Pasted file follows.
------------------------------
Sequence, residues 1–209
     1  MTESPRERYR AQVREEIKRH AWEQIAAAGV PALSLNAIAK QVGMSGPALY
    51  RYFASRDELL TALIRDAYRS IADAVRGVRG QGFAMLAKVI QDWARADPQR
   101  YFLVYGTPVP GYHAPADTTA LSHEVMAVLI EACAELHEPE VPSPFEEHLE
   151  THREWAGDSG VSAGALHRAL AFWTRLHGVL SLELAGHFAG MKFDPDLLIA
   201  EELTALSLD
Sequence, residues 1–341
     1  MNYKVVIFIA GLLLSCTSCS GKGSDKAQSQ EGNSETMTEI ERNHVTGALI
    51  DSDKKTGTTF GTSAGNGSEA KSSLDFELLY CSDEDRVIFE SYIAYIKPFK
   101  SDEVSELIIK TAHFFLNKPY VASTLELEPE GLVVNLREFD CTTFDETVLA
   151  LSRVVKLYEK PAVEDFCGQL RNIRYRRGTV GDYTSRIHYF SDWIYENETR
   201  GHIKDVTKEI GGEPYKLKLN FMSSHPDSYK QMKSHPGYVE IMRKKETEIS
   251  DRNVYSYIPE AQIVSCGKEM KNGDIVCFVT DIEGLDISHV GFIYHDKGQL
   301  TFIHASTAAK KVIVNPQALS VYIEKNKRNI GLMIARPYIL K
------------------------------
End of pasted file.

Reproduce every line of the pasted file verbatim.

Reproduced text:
Sequence, residues 1–209
     1  MTESPRERYR AQVREEIKRH AWEQIAAAGV PALSLNAIAK QVGMSGPALY
    51  RYFASRDELL TALIRDAYRS IADAVRGVRG QGFAMLAKVI QDWARADPQR
   101  YFLVYGTPVP GYHAPADTTA LSHEVMAVLI EACAELHEPE VPSPFEEHLE
   151  THREWAGDSG VSAGALHRAL AFWTRLHGVL SLELAGHFAG MKFDPDLLIA
   201  EELTALSLD
Sequence, residues 1–341
     1  MNYKVVIFIA GLLLSCTSCS GKGSDKAQSQ EGNSETMTEI ERNHVTGALI
    51  DSDKKTGTTF GTSAGNGSEA KSSLDFELLY CSDEDRVIFE SYIAYIKPFK
   101  SDEVSELIIK TAHFFLNKPY VASTLELEPE GLVVNLREFD CTTFDETVLA
   151  LSRVVKLYEK PAVEDFCGQL RNIRYRRGTV GDYTSRIHYF SDWIYENETR
   201  GHIKDVTKEI GGEPYKLKLN FMSSHPDSYK QMKSHPGYVE IMRKKETEIS
   251  DRNVYSYIPE AQIVSCGKEM KNGDIVCFVT DIEGLDISHV GFIYHDKGQL
   301  TFIHASTAAK KVIVNPQALS VYIEKNKRNI GLMIARPYIL K